What’s the difference between a good and bad death? Why and how do the living continue to interact with the dead? How do different cultures perceive death?
Students from the Anthropology of Death class at Camosun College are presenting answers to these questions and more at a pop-up exhibit titled ‘Loving Ancestors and Restless Ghosts’ in collaboration with the Royal BC Museum.
This exploration of death literacy and grief management delves into cultural perspectives on good and bad deaths, communication with ancestors using mediums and technology, and global traditions of caring for ancestors.
“Our partnership with the Royal BC Museum provides creative learning opportunities for students and allows us to bring compelling topics to our community. Partners like the museum enriches student learning, making community partnerships a driving force for applied knowledge,”
- Nicole Kilburn, Program Leader and Anthropology Instructor.
- Good versus Bad Death: Uncover cultural perspectives on what constitutes a good death and its impact on the transition to ancestorhood.
- Connecting with Ancestors: Explore traditional mediums and modern technology to understand who, why, when, and how communities connect with their ancestors.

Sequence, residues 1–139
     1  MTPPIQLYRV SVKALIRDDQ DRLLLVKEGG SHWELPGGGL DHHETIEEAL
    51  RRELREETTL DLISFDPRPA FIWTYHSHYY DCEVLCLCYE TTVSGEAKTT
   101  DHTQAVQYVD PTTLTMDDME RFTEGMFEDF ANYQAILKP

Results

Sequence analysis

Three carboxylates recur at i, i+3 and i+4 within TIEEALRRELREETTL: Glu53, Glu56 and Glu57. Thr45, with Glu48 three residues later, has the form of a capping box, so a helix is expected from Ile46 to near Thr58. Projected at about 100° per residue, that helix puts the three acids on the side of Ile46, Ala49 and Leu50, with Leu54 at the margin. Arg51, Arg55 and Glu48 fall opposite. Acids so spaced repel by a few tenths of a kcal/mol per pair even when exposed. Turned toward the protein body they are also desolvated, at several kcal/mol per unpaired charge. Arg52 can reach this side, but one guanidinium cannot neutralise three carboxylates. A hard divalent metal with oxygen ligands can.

- Caring for Ancestors: Discover global traditions from the Qing Ming festival to Dias de los Muertos to help shed light on maintaining relationships with ancestors.
- Applying Lessons to Our Lives:Learn how these cultural lessons can be applied to our lives in promoting death literacy and easing anxiety.
The exhibition invites everyone to consider death not as a morbid topic but as an essential aspect of life, fostering death literacy and easing death anxiety.
“We are delighted to once again collaborate with the talented students from Camosun College, who bring a fresh perspective and academic rigour to this exploration of cultural celebrations, ancestor reverence, and community care. Their partnership with our museum has consistently shed new light on the rich themes within our exhibits. This ongoing collaboration exemplifies the power of education to inspire us all."
- Kim Gough, Acting Director of Audience Experience at the Royal BC Museum.
As the seasons transition and various cultural celebrations approach, ‘Loving Ancestors and Restless Ghosts’ offers an opportunity to explore the reciprocity between the living and the dead in different cultural contexts.
- When: Saturday, Nov. 4, 1:00 pm to 3:00 pm
- Where: Royal BC Museum
Learn more about Anthropology of Death and other anthropology courses at camosun.ca/anthropology